While much has been said about the dangers of Sunni foreign fighters returning home, the return home of the far more numerous Afghan and Pakistani Shia foreign fighters has received noticeably less attention. A major reason for the disparity is that most accounts of the Afghan and Pakistani troops fighting under the Hezbollah flag in Syria mistakenly tend to minimize their ideological motivations. However, the Shia foreign fighter phenomenon could have serious ramifications for South Asia, because it serves as a pretense under which Tehran trains and indoctrinates militant Shia populations.
The liwa’ fatimiyun (Fatimiyun Brigade) is composed exclusively of Afghans and fights under the auspices of Hezbollah Afghanistan. According to an Iranian news source, the number of Afghans fighting for the Assad regime is between 10,000 and 20,000 , while other news sources put the number of Afghans at between 10,000 and 12,000 . There is no doubt that Afghans have paid a heavy price in the fighting, as 700 Afghans are thought to have been killed in action around Aleppo and Deraa alone. Many of those tracking the number of funerals for Afghans fighting in Syria came up with numbers closer to the regime’s official narrative of 100 dead, because the bodies of Afghan fighters are often not recoverable and simply left to rot if they lie in rebel-held territory.
Though the number of Pakistanis fighting in Syria under the Hezbollah flag is impossible to gauge accurately, one thing is clear: it is rising. The Pakistanis were originally integrated with other units and now serve in their own distinct unit known as liwa’ zaynabiyun (Zaynabiyun Brigade). Thus far, there have been at least twenty funerals for Pakistani fighters in Syria, but there are no real estimates regarding Pakistani fatalities in Syria, and the actual number of those killed in action could be much greater the number of funerals documented.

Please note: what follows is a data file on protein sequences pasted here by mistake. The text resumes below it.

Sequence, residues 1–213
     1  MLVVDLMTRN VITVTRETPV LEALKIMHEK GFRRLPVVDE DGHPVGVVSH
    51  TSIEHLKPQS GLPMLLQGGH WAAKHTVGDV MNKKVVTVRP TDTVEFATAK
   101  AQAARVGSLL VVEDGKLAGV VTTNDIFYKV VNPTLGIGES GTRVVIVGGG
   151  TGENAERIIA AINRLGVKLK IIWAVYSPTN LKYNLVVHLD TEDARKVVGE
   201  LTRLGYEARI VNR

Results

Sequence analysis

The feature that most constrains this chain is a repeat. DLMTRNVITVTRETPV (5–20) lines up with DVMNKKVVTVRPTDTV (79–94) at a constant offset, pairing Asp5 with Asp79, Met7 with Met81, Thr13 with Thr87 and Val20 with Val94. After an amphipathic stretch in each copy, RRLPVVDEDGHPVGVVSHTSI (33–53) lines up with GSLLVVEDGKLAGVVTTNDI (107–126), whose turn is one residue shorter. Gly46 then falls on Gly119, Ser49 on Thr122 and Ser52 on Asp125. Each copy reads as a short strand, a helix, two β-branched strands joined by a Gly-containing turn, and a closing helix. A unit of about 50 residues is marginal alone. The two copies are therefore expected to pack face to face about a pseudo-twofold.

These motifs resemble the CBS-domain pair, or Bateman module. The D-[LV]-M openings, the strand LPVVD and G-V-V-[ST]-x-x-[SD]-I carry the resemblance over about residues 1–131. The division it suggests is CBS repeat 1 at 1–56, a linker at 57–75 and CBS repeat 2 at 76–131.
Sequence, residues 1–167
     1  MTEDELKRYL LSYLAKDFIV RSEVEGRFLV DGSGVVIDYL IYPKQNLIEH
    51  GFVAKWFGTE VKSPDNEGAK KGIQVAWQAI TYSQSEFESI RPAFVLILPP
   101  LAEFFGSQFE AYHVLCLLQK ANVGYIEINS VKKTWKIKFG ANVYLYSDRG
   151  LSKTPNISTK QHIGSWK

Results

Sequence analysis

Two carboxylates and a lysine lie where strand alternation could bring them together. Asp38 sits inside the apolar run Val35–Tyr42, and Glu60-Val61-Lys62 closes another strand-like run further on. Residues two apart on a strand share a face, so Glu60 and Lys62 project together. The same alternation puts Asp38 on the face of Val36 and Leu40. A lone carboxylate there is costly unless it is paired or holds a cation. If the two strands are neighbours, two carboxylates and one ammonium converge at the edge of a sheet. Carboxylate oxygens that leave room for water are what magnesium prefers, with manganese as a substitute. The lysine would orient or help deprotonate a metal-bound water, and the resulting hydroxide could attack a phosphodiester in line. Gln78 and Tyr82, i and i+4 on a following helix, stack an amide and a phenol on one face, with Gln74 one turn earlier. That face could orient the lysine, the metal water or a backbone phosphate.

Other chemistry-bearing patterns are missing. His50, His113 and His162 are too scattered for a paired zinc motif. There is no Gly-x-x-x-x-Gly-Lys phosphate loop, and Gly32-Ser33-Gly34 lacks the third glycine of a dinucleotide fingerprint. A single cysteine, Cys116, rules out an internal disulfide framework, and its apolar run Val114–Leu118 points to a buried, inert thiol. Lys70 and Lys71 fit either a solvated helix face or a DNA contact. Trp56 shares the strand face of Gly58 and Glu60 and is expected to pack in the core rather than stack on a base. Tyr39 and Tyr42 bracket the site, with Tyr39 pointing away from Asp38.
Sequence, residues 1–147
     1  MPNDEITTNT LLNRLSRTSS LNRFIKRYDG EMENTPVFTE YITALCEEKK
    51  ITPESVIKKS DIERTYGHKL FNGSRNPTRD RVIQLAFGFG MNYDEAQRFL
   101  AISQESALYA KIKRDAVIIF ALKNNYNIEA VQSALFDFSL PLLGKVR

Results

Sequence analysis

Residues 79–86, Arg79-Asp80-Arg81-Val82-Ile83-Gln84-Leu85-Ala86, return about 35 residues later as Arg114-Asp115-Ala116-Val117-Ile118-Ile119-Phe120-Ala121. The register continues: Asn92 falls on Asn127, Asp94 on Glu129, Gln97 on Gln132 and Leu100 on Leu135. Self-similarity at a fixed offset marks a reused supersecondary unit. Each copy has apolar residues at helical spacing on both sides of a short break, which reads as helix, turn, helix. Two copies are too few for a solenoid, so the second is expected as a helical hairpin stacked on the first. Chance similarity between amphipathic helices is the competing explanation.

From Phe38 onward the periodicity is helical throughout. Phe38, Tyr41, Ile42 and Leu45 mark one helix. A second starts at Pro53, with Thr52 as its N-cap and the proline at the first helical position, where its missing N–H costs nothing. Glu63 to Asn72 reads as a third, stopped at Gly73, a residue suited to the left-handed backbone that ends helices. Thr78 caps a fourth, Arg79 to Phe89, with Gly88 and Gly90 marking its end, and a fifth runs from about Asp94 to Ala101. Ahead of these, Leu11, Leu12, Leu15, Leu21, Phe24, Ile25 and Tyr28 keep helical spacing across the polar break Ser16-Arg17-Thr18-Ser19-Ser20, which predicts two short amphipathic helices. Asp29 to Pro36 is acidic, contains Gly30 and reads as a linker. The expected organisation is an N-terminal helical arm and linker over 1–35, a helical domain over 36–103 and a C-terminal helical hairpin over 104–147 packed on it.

When compared with other groups, the Shia foreign fighters have an unquestionable numerical significance. Whether taking the larger or smaller estimates, the Shia contingents from Afghanistan and Pakistan are significantly larger than the group of 4,700 Westerners fighting for ISIS .
It is widely accepted that compensation, not ideology, brings the Shia fighters to Syria. This perception is based on anecdotal evidence, as well as the idea that Afghans’ lot in Iran and Afghanistan is a tough one and the soldiers in this conflict receive relatively high salaries. Iran targets these vulnerable young men, unable to obtain work permits or establish legal residency in Iran, and incentivizes them with various forms of compensation to fight in Syria. If they refuse, they are sometimes threatened with deportation.
One regional expert quoted in The National noted: “Some are coerced to fight, others promised residency papers for their family, and a small salary. It demonstrates Iran’s exploitation of Afghan Shiite refugees.” Yet that same article described an individual who joined the fight to protect the Shia pilgrimage site of Sayyida Zaynab, quoting the recruit as saying “the Islamic State is a common enemy of Iran and Afghanistan… this is a holy war,” before going on to conclude that the foreign fighters were “mercenaries.” Similarly, The Wall Street Journal’s report on Afghans fighting in Syria in 2014 looked mostly at the material benefits provided to Afghan fighters in Syria. Though the article did briefly mention the sectarian rhetoric Iranians used to appeal to and recruit Afghans, it quickly moved on to quoting Professor Nader Hashemi as saying that Iran is “purchasing mercenaries to do the fighting for them.” These articles demonstrate both that otherworldly concerns are important factors in motivating Shia groups to fight in Syria and that experts seem to be glossing over that fact.
In contrast, the fixation on ISIS’ ideological appeal rather than the financial incentives of fighting with the jihadist group indicates a clear inconsistency. ISIS offers Syrians a salary that is at least four times what other rebel militias can pay in war-torn Syria, yet few people refer to its fighters as mercenaries.
The alliance between the Assad regime and Shia foreign fighters is built upon a convergence of Alawite political interests and Shia religious convictions in defeating Sunni rebel groups. As one Alawite Syria expert explained, the Assads have so hollowed out the religious elements of Alawite identity that the group’s defining characteristic has become ruling Syria, and its mobilization behind the regime is largely to defend its own privilege. Meanwhile, the Shia foreign fighters’ support for the Assad regime is based on a religious mandate to fight radical Sunni rebel groups that threaten Shia holy sites.